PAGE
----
Anxiety Disorders Treatment

Anxiety Disorders Treatment

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    Early studies have found mixed results for using homeopathy to treat anxiety. More studies are needed before a conclusion can be made.

    You should read product labels, and discuss all therapies with a qualified healthcare provider. Natural Standard information does not constitute medical advice, diagnosis, or treatment.

    Copyright © 2012 by Natural Standard Research Collaboration. All Rights Reserved.

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    APeter Bongiorno, ND, Naturopathic Medicine, answered
    Besides the physical side effects, I find in my clinical experience that antianxiety and antidepressant drugs hinder long-term coping skills. When you lift a heavy weight, there is muscle tearing and growth that happens, which helps you the next time you lift that burden. Psychological difficulty and experience affords the same growth of our brain when we traverse challenging times. It seems the drugs do not allow this learning to happen.

    For example, I had one patient who was placed on antidepressants during the challenging time of divorce. Ten years after this traumatic event, she came in to see me because she wanted to discontinue the medication due to side effects, but every time she tried to stop, all those anxious feelings she thought were long gone came flooding back and became as present as ever. In truth, anxiety and depression are not Paxil or Prozac deficiencies -- and at some point, the grief and anxiety that comes with trauma and loss will need to be processed. This patient and I decided on a regimen of acupuncture and some amino acids to cushion the neurotransmitter changes and created a plan to start processing the divorce that had been swept under the pharmaceutical rug. Through this healing, she was able to slowly and safely wean off her medication.
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    ARealAge answered

    Successful management of anxiety disorders may require both psychological counseling and drug therapy. Your physician may select from several different classes of medications to treat anxiety. Although these medications vary in the way they work, they all are designed to reduce the frequency and intensity of your symptoms.

    Brain cells (neurons) use chemicals called neurotransmitters to communicate with each other. Antianxiety medications act on neurons in the brain to reduce the symptoms of anxiety. All of the medications are effective because they bind to the parts of neurons that are involved in producing the symptoms of anxiety.

    One class of drug, the benzodiazepines, which includes alprazolam (Xanax), iorazepam (Ativan) and clonazepam (Klonopin), work as sedatives at low doses. These medications bind to the parts of neurons that reduce anxiety, soothe excitability and generally calm people who use them. At higher doses, benzodiazepines are used to help people sleep. Benzodiazepines take effect quickly and may be the best choice for short-term treatment. This type of drug is effective in 65% to 75% of the individuals who take it. Unfortunately, the benzodiazepines can be addictive and many people experience withdrawal symptoms when they stop taking the medication

    Another important anxiety medication is buspirone (Buspar). As with the SSRIs, buspirone takes a few weeks to reach effectiveness and does not cause addiction, withdrawal or mental confusion. Buspirone is known to be very effective in treating people with generalized anxiety disorder. Symptoms of generalized anxiety disorder may be due to an imbalance of a brain chemical called serotonin. Too much serotonin may be one of the causes of generalized anxiety disorder. Buspirone is thought to bring serotonin levels back to normal. It works gradually, over a two- to four-week period, to provide effective relief of generalized anxiety disorder symptoms. With each passing week, anxiety symptoms are likely to improve, excessive worry and tension may subside and so may physical symptoms, like headaches and stomach upset. Generalized anxiety disorder cannot be treated overnight. It takes time for your symptoms to develop, and it will take time for buspirone to work. In a few weeks, you are likely to be feeling like yourself again.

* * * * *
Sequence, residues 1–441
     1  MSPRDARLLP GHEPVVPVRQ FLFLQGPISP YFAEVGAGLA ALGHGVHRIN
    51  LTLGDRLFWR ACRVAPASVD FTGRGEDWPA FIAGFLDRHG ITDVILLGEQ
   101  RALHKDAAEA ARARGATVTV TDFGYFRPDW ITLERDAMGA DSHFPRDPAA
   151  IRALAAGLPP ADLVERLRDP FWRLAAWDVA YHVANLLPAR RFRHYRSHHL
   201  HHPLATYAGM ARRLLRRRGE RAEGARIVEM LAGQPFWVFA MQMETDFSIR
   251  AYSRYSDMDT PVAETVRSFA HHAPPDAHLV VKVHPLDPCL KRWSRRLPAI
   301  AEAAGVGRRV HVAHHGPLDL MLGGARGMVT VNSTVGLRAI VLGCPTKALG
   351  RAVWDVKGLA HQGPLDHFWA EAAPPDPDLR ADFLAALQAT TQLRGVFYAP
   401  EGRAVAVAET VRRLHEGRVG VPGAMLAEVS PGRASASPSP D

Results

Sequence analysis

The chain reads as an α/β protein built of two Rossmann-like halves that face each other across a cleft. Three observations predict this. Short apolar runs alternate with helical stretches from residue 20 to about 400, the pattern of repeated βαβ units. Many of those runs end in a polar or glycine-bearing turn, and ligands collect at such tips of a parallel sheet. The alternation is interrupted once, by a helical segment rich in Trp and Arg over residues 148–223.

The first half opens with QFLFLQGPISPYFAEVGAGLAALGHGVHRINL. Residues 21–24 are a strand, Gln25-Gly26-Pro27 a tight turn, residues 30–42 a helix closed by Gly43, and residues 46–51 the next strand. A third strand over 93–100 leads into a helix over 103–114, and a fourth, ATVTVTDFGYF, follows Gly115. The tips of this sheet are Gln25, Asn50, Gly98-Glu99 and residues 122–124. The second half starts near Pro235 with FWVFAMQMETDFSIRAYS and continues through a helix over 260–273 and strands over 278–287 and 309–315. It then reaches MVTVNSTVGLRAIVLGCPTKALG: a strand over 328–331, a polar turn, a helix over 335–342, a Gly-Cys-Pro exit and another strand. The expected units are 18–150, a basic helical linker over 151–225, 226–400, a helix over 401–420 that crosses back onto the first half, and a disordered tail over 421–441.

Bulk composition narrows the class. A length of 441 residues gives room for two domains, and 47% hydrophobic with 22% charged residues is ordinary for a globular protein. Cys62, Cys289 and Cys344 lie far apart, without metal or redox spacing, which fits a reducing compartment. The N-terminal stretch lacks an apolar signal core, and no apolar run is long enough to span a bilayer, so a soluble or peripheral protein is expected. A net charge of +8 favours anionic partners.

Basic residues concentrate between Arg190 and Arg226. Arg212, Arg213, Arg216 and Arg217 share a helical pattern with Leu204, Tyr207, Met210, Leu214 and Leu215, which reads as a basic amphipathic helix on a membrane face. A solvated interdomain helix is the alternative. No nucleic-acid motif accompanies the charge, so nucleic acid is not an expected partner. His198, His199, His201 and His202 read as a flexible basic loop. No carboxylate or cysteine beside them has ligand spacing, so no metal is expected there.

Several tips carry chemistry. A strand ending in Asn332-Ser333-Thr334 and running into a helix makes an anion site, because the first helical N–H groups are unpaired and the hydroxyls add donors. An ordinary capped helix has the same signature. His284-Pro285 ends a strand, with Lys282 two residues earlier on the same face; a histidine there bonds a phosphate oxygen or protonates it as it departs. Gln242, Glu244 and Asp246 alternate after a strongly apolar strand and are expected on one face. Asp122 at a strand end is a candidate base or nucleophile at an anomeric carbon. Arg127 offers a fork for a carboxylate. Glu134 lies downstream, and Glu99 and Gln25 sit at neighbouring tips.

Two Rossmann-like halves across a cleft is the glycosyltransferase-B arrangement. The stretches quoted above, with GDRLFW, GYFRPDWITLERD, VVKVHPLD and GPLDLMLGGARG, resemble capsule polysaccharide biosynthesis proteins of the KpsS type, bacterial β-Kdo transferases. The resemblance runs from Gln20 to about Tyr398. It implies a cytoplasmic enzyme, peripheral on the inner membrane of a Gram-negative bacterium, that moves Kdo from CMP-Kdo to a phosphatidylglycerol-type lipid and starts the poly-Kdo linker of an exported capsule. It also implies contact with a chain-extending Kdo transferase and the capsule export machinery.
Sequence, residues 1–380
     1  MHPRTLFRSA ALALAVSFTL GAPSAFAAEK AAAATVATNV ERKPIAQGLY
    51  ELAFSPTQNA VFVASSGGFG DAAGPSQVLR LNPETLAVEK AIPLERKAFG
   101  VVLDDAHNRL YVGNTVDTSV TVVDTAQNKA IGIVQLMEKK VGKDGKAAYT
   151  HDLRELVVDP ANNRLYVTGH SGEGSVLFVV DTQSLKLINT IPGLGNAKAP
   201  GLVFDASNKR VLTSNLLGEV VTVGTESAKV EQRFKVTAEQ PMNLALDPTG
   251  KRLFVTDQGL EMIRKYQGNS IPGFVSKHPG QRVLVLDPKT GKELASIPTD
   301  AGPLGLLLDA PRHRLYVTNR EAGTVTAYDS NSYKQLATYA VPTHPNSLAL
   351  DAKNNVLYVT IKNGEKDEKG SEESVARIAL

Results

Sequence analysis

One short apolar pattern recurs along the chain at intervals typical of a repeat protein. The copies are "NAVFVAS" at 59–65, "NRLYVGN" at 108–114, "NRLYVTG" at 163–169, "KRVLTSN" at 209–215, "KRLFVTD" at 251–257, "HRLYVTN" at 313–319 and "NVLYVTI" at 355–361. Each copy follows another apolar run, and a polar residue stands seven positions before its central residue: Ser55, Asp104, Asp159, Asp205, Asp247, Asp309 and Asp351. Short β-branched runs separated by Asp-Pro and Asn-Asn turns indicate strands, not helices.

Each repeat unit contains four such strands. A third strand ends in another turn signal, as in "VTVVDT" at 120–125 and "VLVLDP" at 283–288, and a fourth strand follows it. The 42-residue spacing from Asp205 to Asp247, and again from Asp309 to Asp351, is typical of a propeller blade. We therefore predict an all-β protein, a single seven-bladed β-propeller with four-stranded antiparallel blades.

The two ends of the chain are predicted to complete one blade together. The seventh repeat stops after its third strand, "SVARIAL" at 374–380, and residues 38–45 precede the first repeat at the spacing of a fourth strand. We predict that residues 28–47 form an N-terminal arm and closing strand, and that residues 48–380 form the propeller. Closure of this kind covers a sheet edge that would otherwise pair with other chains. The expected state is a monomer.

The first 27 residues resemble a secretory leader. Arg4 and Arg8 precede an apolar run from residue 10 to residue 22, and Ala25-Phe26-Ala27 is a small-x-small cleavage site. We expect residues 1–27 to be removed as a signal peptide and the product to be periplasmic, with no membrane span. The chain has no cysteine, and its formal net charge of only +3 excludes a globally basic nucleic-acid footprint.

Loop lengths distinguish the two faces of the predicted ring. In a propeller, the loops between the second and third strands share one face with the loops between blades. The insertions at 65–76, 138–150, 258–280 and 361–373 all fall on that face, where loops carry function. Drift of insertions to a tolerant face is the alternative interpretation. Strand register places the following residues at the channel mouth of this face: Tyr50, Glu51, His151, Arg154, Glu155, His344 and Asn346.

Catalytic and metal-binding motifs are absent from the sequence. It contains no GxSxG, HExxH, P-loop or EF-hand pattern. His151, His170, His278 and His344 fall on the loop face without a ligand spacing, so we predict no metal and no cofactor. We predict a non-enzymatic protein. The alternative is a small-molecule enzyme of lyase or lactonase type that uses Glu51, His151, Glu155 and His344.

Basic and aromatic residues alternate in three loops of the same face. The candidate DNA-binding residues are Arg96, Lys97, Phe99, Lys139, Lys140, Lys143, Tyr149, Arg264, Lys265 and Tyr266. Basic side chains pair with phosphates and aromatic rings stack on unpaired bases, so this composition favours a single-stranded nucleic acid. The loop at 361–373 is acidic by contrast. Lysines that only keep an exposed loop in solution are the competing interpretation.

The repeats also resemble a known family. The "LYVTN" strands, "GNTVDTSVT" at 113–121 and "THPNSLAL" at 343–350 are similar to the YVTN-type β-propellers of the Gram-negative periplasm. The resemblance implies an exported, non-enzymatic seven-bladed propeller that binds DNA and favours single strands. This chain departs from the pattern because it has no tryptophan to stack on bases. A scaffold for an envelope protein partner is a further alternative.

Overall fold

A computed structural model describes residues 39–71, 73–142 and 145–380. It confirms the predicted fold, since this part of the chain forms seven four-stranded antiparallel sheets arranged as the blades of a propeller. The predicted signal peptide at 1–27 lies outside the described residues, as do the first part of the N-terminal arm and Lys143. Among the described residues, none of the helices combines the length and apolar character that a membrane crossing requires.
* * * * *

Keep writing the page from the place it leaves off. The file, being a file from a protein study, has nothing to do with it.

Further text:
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    ATamar Chansky, Psychology, answered
    Dr. Tamar Chansky - How can I control my anxiety during a job interview?

    Job interviews can be stressful, even if you're perfect for the position. Learn how to tame your fears and prepare for an interview by watching this video featuring psychologist Dr. Tamar Chansky, who specializes in anxiety.


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    Your doctor and others can help you recover. But you're in charge of the process. After all, only you can make decisions about your treatment, follow through on your plan, and know what's working for you. This is self-management -- and experts agree that it's a vital part of successful treatment for anxiety disorders. Here are a few key self-management tips:
    • Develop your treatment plan. Get good information from your doctor and other trusted sources. Keep in mind that mental health treatment isn't "one size fits all." With your doctor, decide on a plan that fits your unique situation.
    • Set goals for healthy living in all areas. Finding balance in your life speeds your recovery. It also paves the way for happier, healthier times ahead. Set goals to make sure your whole life is in balance:
    • Relationships. Don't shut out family and friends! Example goals: Phone a friend every day. Attend scheduled social events. Volunteer.
    • Nutrition, exercise, and sleep. Mind and body go hand in hand. Example goals: Drink 8 glasses of water each day. Eat 5 to 10 fruits and vegetables daily. Walk every day. Get 8 hours of sleep each night.
    • Recreation and renewal. Commit to having fun and soothing your spirit. Example goals: Do your hobby. Listen to music. Attend religious or cultural events. Write in a journal. Meditate.